Using the INDIRECT Function

Many people have either seen the INDIRECT functions in spreadsheets or heard of it. Most, however, don’t understand its purpose. INDERECT can be extremely useful in certain situations.

In a nutshell, INDIRECT allows you to connect strings of text to look like a formulaic cell reference, and have Excel treat the result as an actual formula. This is useful especially when you need a summary sheet to pull data from various other sheets or files. Normally setting up a summary sheet involves a lot of tedious, manual linking. But when the data is laid out in an organized way on various sheets, INDIRDECT can help us create a dynamic formula that can be copied and pasted instead of having to link multiple times.

When you link a cell to a cell on another sheet, the result looks like this:


Notice that the cell reference has the following components after the = sign:

  1. The destination sheet name (East)
  2. An exclamation mark (!)
  3. The destination cell reference (B2)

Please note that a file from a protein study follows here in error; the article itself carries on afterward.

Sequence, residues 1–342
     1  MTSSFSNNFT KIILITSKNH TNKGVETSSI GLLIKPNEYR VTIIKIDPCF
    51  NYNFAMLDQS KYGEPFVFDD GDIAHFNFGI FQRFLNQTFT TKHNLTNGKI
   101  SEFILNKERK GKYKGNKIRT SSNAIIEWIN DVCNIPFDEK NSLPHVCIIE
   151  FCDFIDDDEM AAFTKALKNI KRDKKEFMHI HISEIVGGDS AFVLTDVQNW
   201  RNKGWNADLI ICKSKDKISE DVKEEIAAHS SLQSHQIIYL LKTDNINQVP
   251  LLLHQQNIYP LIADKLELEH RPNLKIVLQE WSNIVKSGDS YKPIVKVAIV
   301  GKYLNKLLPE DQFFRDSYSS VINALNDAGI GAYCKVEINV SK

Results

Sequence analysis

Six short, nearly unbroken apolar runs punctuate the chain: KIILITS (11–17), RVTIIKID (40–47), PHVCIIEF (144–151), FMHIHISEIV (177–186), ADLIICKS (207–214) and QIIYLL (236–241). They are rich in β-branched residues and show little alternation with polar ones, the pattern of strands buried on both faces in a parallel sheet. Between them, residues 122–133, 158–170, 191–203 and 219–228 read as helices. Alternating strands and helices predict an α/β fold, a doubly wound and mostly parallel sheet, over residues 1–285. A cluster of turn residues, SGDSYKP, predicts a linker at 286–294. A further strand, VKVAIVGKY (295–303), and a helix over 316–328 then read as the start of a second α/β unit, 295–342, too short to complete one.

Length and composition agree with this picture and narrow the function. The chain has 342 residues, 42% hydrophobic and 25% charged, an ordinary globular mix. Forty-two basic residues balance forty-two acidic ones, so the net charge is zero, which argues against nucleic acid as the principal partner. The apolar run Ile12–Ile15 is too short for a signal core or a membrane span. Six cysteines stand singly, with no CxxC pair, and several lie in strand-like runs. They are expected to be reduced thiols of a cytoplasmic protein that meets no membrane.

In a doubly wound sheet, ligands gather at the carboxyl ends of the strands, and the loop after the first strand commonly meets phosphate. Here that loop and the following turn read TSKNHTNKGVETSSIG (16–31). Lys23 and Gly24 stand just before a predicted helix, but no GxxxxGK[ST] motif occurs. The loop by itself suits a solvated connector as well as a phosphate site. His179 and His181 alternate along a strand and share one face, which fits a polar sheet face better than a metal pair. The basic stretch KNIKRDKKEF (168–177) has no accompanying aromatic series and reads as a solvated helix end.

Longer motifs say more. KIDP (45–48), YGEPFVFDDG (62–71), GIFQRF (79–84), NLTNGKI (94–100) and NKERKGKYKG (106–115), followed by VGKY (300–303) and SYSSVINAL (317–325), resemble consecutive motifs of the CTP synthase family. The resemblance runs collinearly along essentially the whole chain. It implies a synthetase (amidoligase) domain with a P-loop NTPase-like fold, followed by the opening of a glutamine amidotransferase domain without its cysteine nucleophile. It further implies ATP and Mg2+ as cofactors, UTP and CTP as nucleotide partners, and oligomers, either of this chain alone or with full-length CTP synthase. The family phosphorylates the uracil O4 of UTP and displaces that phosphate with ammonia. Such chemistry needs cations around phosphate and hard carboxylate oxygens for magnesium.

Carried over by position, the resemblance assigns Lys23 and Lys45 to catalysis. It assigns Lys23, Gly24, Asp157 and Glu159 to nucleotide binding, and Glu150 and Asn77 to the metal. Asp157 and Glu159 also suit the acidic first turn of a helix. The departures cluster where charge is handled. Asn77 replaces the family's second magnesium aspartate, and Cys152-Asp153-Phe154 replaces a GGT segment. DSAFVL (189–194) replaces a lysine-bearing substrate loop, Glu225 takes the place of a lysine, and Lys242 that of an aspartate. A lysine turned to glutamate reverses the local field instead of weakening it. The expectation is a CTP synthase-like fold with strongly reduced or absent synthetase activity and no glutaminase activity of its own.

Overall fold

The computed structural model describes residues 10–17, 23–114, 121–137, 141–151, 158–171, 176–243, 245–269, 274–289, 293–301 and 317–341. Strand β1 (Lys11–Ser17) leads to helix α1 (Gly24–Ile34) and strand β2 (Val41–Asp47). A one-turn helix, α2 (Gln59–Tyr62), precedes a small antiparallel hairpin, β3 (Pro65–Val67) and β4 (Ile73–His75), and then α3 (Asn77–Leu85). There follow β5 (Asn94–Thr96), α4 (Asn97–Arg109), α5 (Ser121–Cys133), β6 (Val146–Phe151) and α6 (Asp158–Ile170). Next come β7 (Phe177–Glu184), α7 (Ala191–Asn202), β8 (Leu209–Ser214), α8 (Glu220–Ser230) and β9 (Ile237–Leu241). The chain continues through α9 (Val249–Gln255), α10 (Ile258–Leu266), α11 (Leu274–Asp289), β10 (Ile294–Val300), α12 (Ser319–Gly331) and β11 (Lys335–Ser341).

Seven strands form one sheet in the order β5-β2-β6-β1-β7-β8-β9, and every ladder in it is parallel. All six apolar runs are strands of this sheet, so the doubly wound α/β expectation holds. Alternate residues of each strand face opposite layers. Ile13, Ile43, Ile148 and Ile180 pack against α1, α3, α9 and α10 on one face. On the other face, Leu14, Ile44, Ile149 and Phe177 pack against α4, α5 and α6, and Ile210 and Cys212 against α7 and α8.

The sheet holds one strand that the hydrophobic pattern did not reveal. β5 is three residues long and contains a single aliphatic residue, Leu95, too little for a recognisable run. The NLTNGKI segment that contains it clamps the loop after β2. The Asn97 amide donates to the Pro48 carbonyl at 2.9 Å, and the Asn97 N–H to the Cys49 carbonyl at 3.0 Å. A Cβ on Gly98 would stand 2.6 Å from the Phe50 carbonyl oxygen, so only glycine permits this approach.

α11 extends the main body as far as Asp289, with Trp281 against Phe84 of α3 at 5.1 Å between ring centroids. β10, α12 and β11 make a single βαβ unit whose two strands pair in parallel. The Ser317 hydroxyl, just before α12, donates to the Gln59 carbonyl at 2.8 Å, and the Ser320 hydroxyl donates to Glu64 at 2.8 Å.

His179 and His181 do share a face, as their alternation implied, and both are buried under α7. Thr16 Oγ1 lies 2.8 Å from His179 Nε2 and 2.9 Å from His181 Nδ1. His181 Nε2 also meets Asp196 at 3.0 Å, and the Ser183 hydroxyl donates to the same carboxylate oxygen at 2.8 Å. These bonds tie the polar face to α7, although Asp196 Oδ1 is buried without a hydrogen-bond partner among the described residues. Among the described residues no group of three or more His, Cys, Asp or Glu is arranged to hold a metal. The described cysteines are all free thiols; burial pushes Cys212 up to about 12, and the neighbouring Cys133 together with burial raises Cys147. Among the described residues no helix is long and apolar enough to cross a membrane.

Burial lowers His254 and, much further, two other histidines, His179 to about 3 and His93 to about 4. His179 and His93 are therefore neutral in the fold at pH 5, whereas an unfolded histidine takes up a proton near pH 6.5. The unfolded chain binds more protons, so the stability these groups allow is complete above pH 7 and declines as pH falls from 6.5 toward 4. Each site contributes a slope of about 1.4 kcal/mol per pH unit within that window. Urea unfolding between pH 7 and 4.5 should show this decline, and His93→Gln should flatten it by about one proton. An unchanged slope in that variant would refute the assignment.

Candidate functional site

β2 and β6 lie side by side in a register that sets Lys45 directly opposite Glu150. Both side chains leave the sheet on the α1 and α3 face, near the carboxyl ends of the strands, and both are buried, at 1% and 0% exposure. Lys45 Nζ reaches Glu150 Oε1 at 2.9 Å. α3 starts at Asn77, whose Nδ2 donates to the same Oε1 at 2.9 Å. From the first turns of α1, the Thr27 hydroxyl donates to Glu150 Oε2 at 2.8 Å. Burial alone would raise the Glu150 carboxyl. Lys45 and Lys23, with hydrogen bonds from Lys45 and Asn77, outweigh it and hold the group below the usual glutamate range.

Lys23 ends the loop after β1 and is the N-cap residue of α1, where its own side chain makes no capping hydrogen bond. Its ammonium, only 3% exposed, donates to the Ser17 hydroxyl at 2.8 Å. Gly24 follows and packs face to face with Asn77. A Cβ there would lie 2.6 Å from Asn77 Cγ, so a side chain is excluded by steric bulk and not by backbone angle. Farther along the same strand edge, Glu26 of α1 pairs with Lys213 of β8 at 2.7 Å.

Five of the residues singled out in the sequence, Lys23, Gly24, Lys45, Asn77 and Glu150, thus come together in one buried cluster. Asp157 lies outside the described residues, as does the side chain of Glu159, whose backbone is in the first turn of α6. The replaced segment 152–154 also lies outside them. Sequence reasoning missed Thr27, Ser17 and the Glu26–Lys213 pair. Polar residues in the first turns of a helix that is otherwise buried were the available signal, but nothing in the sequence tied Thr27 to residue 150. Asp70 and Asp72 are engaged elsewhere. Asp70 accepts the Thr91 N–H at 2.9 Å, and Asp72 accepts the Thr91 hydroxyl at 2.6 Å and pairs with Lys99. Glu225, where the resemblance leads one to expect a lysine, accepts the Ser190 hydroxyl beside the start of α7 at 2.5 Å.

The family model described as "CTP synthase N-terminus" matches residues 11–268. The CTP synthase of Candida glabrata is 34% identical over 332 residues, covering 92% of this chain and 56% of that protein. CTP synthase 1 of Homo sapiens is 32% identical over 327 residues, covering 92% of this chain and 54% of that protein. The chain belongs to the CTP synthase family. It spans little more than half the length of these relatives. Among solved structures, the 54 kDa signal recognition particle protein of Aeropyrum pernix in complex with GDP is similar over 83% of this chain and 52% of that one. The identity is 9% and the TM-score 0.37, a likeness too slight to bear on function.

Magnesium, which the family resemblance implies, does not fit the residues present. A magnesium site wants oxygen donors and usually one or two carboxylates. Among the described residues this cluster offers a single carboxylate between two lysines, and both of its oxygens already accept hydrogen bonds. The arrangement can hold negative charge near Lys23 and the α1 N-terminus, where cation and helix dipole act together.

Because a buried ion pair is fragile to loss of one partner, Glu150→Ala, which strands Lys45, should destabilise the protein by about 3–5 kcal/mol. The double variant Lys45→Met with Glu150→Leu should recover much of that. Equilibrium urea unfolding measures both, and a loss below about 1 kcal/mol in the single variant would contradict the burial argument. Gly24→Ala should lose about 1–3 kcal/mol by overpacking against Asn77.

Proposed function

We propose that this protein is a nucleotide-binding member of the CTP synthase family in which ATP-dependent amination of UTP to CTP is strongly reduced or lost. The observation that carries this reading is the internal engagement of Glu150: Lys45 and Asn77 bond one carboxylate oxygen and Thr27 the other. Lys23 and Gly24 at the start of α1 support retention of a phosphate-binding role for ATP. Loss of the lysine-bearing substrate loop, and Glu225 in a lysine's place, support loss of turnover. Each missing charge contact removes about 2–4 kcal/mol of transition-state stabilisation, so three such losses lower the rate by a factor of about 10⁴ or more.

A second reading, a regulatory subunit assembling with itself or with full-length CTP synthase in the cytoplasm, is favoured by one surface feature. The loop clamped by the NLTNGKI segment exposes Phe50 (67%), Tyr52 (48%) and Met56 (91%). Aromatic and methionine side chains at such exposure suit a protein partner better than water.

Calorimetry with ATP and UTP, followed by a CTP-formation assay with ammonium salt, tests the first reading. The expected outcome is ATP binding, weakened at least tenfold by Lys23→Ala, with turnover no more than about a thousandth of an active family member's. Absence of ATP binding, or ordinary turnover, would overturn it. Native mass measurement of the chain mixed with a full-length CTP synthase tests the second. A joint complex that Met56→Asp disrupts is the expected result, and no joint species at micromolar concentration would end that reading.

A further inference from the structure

Once the Q1 revenues are linked in the example above, the manual way to proceed would be to continue to link cells one by one. This is where INDIRECT comes into play.

Take a look at the revised version below:


Recall that the CONCATENANTE function (or the & sign) allows you to connect, or join together, strings of text, even if these strings are in other cells. On its own, the result of concatenating various components will be a string of text. In the formula above, we concatenated the sheet name, the exclamation mark and the cell reference (i.e. to create the text string “East!B2”). By putting this inside the INDIRECT function, however, we tell Excel to treat the result as a formulaic cell reference. Since the data for Q1-Q4 are organized in an identical way on both the East and West sheets, we manually typed the cell locations below the summary table. With the appropriate absolute references, the formula can be copied to fill in the whole table.